Compare any two graphics cards:
GeForce GT 440 3GB vs Radeon HD 5570
IntroThe GeForce GT 440 3GB comes with core speeds of 594 MHz on the GPU, and 900 MHz on the 3072 MB of GDDR3 RAM. It features 144 SPUs as well as 24 Texture Address Units and 24 Rasterization Operator Units.
Compare all of that to the Radeon HD 5570, which comes with a core clock frequency of 650 MHz and a DDR3 memory speed of 900 MHz. It also uses a 128-bit memory bus, and makes use of a 40 nm design. It is made up of 400(80x5) SPUs, 20 TAUs, and 8 ROPs.
(No game benchmarks for this combination yet.)
Power Usage and Theoretical Benchmarks
Power Consumption (Max TDP)
In theory, the GeForce GT 440 3GB is 50% faster than the Radeon HD 5570 overall, due to its greater bandwidth. (explain)
Texel RateThe GeForce GT 440 3GB should be a small bit (approximately 10%) more effective at AF than the Radeon HD 5570. (explain)
Pixel RateThe GeForce GT 440 3GB is a lot (more or less 174%) more effective at FSAA than the Radeon HD 5570, and able to handle higher screen resolutions more effectively. (explain)
Please note that the above 'benchmarks' are all just theoretical - the results were calculated based on the card's specifications, and real-world performance may (and probably will) vary at least a bit.
Price ComparisonPlease note that the price comparisons are based on search keywords, and might not be the exact same card listed on this page. We have no control over the accuracy of their search results.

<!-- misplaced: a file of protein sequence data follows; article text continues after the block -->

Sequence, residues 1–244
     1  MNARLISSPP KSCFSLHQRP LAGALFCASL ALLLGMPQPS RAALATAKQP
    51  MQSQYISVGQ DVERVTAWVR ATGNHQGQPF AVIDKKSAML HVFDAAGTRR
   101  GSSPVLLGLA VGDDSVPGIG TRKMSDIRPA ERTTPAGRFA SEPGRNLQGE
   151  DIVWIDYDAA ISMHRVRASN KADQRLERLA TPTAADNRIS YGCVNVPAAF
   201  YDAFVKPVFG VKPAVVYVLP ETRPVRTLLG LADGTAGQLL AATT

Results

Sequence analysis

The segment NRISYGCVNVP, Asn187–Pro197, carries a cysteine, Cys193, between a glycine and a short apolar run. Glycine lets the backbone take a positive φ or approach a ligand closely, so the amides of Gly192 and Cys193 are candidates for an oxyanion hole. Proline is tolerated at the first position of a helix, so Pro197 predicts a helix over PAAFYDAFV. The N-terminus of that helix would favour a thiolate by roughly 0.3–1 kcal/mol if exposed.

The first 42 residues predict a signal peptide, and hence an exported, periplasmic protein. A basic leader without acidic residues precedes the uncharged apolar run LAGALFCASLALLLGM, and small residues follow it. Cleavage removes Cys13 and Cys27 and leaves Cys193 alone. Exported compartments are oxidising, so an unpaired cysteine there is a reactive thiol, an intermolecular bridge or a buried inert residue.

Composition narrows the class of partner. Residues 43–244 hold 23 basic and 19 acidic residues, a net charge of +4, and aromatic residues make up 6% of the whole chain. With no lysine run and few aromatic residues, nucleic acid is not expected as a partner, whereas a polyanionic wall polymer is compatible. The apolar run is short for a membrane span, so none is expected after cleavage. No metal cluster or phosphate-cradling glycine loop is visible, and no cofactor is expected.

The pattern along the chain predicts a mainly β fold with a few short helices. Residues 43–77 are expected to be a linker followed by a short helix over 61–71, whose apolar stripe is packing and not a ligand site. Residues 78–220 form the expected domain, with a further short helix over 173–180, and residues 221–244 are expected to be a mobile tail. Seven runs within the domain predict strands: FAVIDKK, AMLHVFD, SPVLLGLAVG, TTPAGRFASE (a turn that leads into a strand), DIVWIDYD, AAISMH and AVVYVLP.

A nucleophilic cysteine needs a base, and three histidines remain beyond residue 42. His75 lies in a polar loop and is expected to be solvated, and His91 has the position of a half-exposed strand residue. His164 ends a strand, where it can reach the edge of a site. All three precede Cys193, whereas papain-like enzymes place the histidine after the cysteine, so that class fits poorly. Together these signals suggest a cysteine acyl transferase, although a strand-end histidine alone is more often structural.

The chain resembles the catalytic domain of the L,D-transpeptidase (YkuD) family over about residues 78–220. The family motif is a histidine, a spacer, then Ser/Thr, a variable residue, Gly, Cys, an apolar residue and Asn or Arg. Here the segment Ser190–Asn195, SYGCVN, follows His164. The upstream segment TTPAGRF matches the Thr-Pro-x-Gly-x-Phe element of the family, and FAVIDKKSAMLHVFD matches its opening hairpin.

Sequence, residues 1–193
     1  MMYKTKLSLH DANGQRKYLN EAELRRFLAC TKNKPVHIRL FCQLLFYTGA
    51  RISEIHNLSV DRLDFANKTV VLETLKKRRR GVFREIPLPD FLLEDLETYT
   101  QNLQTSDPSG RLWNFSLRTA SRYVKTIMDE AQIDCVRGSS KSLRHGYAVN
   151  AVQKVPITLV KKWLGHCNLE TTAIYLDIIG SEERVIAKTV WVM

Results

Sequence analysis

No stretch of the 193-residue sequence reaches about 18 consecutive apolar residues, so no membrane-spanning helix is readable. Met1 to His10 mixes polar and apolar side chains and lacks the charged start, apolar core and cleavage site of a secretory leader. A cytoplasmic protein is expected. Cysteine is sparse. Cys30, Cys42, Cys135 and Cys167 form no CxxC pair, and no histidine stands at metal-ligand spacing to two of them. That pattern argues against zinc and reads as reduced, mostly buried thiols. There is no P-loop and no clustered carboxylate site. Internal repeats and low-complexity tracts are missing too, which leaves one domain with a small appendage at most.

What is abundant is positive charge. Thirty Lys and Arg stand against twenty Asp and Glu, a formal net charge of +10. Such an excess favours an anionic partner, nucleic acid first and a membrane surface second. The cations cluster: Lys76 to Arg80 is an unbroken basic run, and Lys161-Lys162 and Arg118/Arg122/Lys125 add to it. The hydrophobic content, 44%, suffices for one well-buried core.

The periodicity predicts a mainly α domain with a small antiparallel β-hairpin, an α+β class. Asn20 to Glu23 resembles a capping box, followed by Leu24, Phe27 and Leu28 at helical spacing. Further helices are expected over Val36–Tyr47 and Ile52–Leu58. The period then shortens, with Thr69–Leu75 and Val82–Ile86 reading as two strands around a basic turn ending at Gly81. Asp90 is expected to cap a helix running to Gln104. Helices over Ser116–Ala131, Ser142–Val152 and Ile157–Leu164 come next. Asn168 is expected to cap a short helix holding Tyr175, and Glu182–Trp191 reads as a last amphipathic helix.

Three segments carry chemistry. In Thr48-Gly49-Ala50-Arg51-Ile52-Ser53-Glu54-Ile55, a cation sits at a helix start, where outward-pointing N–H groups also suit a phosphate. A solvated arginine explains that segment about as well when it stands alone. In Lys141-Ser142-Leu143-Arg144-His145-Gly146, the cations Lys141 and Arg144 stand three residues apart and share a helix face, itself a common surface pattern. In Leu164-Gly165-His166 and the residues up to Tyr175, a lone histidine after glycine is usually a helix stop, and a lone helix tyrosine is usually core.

Memory Bandwidth: Bandwidth is the largest amount of information (counted in MB per second) that can be transferred across the external memory interface within a second. It's calculated by multiplying the bus width by its memory speed. If it uses DDR memory, it must be multiplied by 2 once again. If DDR5, multiply by ANOTHER 2x. The higher the memory bandwidth, the better the card will be in general. It especially helps with anti-aliasing, High Dynamic Range and high resolutions.
Texel Rate: Texel rate is the maximum texture map elements (texels) that can be applied per second. This is worked out by multiplying the total texture units by the core speed of the chip. The better the texel rate, the better the card will be at handling texture filtering (anisotropic filtering - AF). It is measured in millions of texels processed in a second.
Pixel Rate: Pixel rate is the maximum number of pixels that the graphics card could possibly record to the local memory in one second - measured in millions of pixels per second. Pixel rate is worked out by multiplying the amount of ROPs by the the core clock speed. ROPs (Raster Operations Pipelines - sometimes also referred to as Render Output Units) are responsible for filling the screen with pixels (the image). The actual pixel rate also depends on lots of other factors, especially the memory bandwidth - the lower the memory bandwidth is, the lower the ability to get to the max fill rate.